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TCG’s NDA 2.0 fund to focus on sunrise sectors: Chakri Lokapriya

TCG’s Nation Development Agenda (NDA 2.0) have been designed keeping expected NDA-2 policies in mind.

ET Now|
Updated: Jun 19, 2019, 04.44 PM IST
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There is a lot of return to be made by finding good companies with good governance which can benefit from the new policies of NDA-2, says Chakri Lokapriya, CIO & MD, TCG AMC. Excerpts from the interview with ETNOW.

NDA 2.0 strategy is a very interesting name! It is coinciding with NDA-2 coming into power for the second term with a much stronger mandate. Is it just a coincidence or have you deliberately put the name on this kind of order?
NDA stands for Nation Development Agenda and that is NDA 2.0 strategy for you. The way we look at it, for any company it is important to have government support behind policy initiatives. We carefully looked at the various areas that the new government is focussing on and discovered that there can be multiple areas of growth over the next five years. Keeping that in mind, we have designed the NDA 2.0 strategy.

Tell us about the NDA 2.0 strategy that TCG AMC Scheme is focussing on. What are its constituents, how would the portfolio be positioned and what is the thinking behind designing such a strategy?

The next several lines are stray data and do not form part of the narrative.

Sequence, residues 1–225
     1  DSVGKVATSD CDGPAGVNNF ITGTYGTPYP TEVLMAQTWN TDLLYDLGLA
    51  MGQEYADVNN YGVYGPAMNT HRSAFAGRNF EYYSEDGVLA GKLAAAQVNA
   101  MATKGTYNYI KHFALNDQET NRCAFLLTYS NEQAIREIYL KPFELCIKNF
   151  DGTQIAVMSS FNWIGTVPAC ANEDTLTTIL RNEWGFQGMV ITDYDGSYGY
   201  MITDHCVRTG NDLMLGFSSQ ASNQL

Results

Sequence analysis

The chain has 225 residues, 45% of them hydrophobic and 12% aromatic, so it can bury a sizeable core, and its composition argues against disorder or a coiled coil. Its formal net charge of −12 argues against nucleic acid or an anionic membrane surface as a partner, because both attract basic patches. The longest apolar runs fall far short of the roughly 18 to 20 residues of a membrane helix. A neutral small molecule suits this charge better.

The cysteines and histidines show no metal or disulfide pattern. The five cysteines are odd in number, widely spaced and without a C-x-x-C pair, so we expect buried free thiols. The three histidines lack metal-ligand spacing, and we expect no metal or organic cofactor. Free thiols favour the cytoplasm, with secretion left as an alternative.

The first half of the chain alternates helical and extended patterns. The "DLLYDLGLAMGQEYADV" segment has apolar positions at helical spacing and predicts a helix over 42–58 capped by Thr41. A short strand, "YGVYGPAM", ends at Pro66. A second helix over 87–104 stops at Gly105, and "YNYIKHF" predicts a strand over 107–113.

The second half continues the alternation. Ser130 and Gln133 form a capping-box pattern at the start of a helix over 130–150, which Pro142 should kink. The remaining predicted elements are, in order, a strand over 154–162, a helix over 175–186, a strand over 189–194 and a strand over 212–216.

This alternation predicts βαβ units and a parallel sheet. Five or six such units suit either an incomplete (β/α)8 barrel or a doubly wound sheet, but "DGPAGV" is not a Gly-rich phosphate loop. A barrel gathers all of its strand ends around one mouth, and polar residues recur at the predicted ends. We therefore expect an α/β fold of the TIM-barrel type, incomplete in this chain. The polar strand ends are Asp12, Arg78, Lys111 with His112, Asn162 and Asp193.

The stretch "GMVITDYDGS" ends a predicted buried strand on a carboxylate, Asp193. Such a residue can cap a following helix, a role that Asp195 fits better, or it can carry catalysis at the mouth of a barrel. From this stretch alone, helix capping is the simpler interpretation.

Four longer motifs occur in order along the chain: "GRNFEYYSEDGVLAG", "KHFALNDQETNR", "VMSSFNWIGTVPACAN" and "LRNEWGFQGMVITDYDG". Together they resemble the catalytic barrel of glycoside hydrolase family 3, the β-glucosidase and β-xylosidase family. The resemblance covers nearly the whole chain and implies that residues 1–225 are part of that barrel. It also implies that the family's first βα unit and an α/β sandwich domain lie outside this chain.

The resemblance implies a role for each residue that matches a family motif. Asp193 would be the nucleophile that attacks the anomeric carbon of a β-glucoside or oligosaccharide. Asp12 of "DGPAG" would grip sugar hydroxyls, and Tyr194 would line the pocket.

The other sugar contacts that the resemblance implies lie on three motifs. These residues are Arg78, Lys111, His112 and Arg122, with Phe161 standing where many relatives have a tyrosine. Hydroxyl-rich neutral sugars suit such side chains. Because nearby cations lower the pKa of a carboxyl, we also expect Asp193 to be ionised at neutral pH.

The thinking behind the strategy is on one hand, if Modi 2.0 wants to make India a $5-trillion economy, then the various policy initiatives in various sectors should in a sense translate into revenues and orders and therefore earnings for companies. Then it becomes a goal of our fund to identify such companies which will benefit from the new policy initiatives and grow that kind of number over the next five years.


How will this particular strategy be different from the three other strategies you are already running at TCG AMC in terms of the stocks which it will have or positioning in terms of market capitalisation?
One we have looked at thematic funds in terms of one of our previous funds which was focussed on recapitalising India by providing growth capital or turnaround capital but again that is past as now we are looking at an environment where cyclically things will turn up for India. These are both largecap and midcap and the broader market will participate in this growth. Over the last two or three years, the index returns has largely been led by a handful of companies but in this recovery, going forward, we would see both large as well as the broader market participating in this growth and we have designed that keeping in mind that new sunrise sectors will emerge and they have found place in the portfolio.

Which are these areas where you expect new government policy initiatives and push to be so meaningful that it will lead to good earnings growth in that kind of companies Also, what are the new themes you are looking?
The government’s track record in the last five years has been very good in the sense that there has been some very big bang reforms like NCLT, the bankruptcy code and the GST.